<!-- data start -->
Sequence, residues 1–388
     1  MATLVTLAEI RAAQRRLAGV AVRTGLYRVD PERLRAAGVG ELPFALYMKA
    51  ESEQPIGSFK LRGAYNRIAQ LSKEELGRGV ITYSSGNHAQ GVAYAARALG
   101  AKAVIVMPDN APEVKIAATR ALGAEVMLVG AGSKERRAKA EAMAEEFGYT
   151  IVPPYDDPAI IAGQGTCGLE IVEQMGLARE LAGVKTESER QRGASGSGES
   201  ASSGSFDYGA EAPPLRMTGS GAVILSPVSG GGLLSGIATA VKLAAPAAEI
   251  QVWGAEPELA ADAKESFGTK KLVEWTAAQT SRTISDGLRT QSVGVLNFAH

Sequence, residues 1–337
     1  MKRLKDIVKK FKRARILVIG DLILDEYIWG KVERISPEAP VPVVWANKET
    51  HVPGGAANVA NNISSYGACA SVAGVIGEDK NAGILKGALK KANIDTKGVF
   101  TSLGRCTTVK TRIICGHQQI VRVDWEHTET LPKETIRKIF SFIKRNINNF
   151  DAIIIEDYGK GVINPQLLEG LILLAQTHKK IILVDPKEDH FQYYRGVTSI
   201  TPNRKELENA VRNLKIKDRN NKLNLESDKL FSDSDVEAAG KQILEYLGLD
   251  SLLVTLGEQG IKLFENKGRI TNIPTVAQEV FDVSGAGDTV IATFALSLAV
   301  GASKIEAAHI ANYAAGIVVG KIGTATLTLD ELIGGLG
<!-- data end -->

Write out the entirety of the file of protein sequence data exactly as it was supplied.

Sequence, residues 1–388
     1  MATLVTLAEI RAAQRRLAGV AVRTGLYRVD PERLRAAGVG ELPFALYMKA
    51  ESEQPIGSFK LRGAYNRIAQ LSKEELGRGV ITYSSGNHAQ GVAYAARALG
   101  AKAVIVMPDN APEVKIAATR ALGAEVMLVG AGSKERRAKA EAMAEEFGYT
   151  IVPPYDDPAI IAGQGTCGLE IVEQMGLARE LAGVKTESER QRGASGSGES
   201  ASSGSFDYGA EAPPLRMTGS GAVILSPVSG GGLLSGIATA VKLAAPAAEI
   251  QVWGAEPELA ADAKESFGTK KLVEWTAAQT SRTISDGLRT QSVGVLNFAH

Sequence, residues 1–337
     1  MKRLKDIVKK FKRARILVIG DLILDEYIWG KVERISPEAP VPVVWANKET
    51  HVPGGAANVA NNISSYGACA SVAGVIGEDK NAGILKGALK KANIDTKGVF
   101  TSLGRCTTVK TRIICGHQQI VRVDWEHTET LPKETIRKIF SFIKRNINNF
   151  DAIIIEDYGK GVINPQLLEG LILLAQTHKK IILVDPKEDH FQYYRGVTSI
   201  TPNRKELENA VRNLKIKDRN NKLNLESDKL FSDSDVEAAG KQILEYLGLD
   251  SLLVTLGEQG IKLFENKGRI TNIPTVAQEV FDVSGAGDTV IATFALSLAV
   301  GASKIEAAHI ANYAAGIVVG KIGTATLTLD ELIGGLG